Posted by: christinelaennec | October 19, 2010

Mid-Atlantic English spoken here

Tilly guarding the washcloths - or are they flannels?

Not for the first time, the Dafter has expressed some exasperation at the fact that the English we speak at home is a hybrid of American and British.  “Is it pronounced vittamin or vytamin?  What do people here say?  I need to know for when I’m talking at school!”  Last year she was very cross because we say “bathrobe” and not “dressing gown” and she hadn’t been forewarned:  “Everyone laughed at me!  How was I to know?!”

The truth is that Michael (who lived in the States for 10 years) and I (who have been in Scotland for 18) are so used to the way we speak around the house that we never notice the inherent contradictions.  And there doesn’t seem to be any rhyme or reason to when we use British words, and when we use American ones.  For example, in our house, we clean our faces with washcloths (not flannels), we vacuum (we don’t hoover), and we put things in the trunk of the car (not the boot).

However, we eat tea about 6 p.m. every night.  In fact, we very often distinguish between the meal and the drink by two phrases:  “tea-the-meal” and “tea-the-drink”.  For example, one of us will say:  “I’m going to make some tea – tea the drink, not tea the meal”.   Why do we do this when we could simply say “dinner” for the meal, and obliterate all confusion?  Who knows.  Also, I never now speak of “going to the bathroom”  – we go to the loo.  Similarly, as regular readers may have noticed, I’ve completely converted to the British use of the word “garden” to mean what as a child I would have called the “yard”.  Here we have a front garden and a back garden; within the back garden, the place Michael grows vegetables is called the “veg patch”.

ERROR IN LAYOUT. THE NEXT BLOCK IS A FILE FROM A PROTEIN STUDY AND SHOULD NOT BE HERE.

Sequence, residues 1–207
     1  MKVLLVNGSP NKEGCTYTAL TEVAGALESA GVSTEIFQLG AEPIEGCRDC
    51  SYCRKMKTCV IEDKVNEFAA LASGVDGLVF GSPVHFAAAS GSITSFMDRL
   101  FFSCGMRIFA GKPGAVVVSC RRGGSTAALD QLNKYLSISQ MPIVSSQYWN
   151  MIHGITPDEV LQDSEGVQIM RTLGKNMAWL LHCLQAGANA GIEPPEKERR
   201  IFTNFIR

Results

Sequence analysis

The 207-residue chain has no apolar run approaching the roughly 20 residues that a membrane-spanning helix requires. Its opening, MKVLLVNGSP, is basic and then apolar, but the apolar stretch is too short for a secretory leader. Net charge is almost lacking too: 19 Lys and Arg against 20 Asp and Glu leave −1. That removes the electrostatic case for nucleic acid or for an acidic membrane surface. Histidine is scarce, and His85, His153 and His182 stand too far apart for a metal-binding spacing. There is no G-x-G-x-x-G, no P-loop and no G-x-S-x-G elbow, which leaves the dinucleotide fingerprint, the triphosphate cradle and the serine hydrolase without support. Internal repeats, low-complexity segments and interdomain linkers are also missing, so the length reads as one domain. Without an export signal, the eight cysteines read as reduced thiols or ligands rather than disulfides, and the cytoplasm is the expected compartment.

Add into the mix more than a few Scottishisms that we’ve picked up.  For example, the “postie” delivers our letters and the Dafter’s bedtime snack is a “supper”.  We also use some Scottish expressions, though I think with invisible quotation marks around them:  “there was a real stooshie at the Parent Council meeting” or “she was up to high do”.

I couldn’t tell you why we’ve adopted certain words or phrases, and feel we have the right to use them — Michael to use American words, me to use British, or either of us to use Scottish.   Perhaps researchers in linguistics have an answer to that riddle.  Obviously our children, who are both born and bred Scots with one English and one American parent, have free choice!

Despite all of this, I remain extremely fond of my native Americanisms, and particularly the ones that my mother and Granny used.  But that’s probably the subject of another post!

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Responses

  1. Jist a wee comment fae a ‘Doonhamer’.
    It wid be ‘up to high doh’ ye wid be meanin’.

    • Dear Iain,

      Thanks for writing! I’d always thought it was Do as in the musical note. What’s a “Doonhamer”?

  2. I think that’s a great mix! Why not collect all your favourite sayings, wherever they hail from. Stooshie is one of my favourites.


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